The great Italian filmmaker Federico Fellini once said that “life is a combination of magic and pasta.” Now it appears that Fellini's favorite food may actually hold the key to a healthier lifestyle. A new study published by Italian researchers in the journal Nutrition & Diabetes claims that eating pasta in moderation—a dish long associated with comfort food, bulging guts, and mom's home cooking—may lead to a smaller waistline and a lower Body Mass Index (BMI).
"Pasta as a traditional component of [the Mediterranean diet] in Italy has not been studied in detail in the management of body weight," the report, which looked at the eating habits of more than 23,000 Italians, states. "Pasta consumption was negatively associated with BMI, waist circumference and waist-to-hip ratio and with a lower prevalence of overweight and obesity."
"Higher pasta intake was associated with better adhesion to the Mediterranean diet in both genders," the study continues.
While the Mediterranean diet is often praised for its health benefits—encouraging men and women to consume items like olive oil, fruits, legumes, and vegetables found in Greece, Italy, and Spain—pasta has been an under-researched component of the region's cuisine for too long, the study claims. Now, Licia Iacoviello, the report's principal investigator, has set out to prove the dietary merits of spaghetti, linguine, ziti, and rigatoni once and for all.
In Italy, carbohydrates are consumed mainly in the form of pasta, according to the study, and researches found that eating the food encouraged Italians to consume other ingredients like cooked tomatoes, garlic, onions, rice, and seasoned cheese. Still, obese eaters who slurp oodles of buttered noodles may not be poised to loose much weight through the pasta diet.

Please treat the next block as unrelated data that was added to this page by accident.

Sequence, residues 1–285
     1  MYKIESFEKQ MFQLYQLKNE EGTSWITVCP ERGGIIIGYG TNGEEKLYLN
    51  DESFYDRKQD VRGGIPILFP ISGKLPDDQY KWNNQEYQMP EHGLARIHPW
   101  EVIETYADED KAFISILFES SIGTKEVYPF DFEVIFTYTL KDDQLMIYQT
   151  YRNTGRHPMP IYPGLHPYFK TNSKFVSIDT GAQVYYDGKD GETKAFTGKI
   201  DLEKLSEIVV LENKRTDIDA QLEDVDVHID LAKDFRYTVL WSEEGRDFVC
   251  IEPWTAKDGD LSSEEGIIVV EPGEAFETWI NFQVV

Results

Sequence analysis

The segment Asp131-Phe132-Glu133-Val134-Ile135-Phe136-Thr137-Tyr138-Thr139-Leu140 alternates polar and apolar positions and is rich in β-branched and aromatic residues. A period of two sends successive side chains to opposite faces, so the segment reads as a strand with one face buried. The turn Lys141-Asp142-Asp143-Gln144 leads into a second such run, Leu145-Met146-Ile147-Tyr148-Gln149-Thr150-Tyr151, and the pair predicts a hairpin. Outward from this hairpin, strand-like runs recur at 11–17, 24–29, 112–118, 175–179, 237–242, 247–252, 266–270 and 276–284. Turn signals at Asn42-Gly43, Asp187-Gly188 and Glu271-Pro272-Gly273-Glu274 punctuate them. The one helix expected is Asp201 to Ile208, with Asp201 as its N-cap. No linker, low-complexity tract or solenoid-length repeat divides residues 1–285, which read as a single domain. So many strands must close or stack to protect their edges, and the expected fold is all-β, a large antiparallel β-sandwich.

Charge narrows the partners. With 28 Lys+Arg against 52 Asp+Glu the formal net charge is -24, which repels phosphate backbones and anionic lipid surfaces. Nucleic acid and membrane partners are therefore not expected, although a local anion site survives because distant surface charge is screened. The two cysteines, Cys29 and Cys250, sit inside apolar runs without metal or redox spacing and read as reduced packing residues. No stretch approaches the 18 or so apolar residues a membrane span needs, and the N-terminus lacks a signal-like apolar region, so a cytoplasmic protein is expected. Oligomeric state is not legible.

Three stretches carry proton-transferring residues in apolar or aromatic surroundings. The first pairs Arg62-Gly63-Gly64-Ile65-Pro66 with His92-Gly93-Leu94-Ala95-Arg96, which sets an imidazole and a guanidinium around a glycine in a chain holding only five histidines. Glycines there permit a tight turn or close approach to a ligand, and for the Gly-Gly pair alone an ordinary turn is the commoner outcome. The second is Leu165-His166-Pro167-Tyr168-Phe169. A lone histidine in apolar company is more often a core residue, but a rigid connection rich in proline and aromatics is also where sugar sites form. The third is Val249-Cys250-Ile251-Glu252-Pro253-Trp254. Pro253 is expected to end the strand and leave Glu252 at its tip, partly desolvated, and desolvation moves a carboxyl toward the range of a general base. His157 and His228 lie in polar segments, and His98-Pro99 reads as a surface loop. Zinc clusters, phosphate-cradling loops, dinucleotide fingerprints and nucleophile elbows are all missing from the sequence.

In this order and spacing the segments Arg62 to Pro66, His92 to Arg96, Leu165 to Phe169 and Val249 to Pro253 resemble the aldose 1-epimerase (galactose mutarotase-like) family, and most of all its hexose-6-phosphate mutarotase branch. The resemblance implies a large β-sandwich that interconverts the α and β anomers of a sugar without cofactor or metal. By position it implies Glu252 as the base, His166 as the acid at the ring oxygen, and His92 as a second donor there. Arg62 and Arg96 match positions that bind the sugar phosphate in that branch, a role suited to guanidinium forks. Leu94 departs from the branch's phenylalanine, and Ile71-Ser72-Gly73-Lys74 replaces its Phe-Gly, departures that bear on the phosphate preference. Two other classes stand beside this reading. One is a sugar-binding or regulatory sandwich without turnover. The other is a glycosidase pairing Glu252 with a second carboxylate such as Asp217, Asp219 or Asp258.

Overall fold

"Both in women and men, the obese population was older and at lower socioeconomic status, had higher waist and hip circumferences and waist-to-hip ratio, and consumed more pasta (grams per day) than normal or overweight participants," the study found.
Basically, one should eat pasta in moderation, and balance it with other healthy ingredients, in order to achieve a slimmer, Mediterranean lifestyle. In America, tomato sauce on pizza is considered a vegetable, so anything is possible, really.
Italians—purveyors of arguably the best cuisine on the planet—take their food and beverage seriously, and defend their merits to the hilt. A new bill drafted this spring by an Italian senator proposed teaching wine classes to students ages 6 to 13, and in May, an Italian judge ruled that a man could make his child support payments in pizza.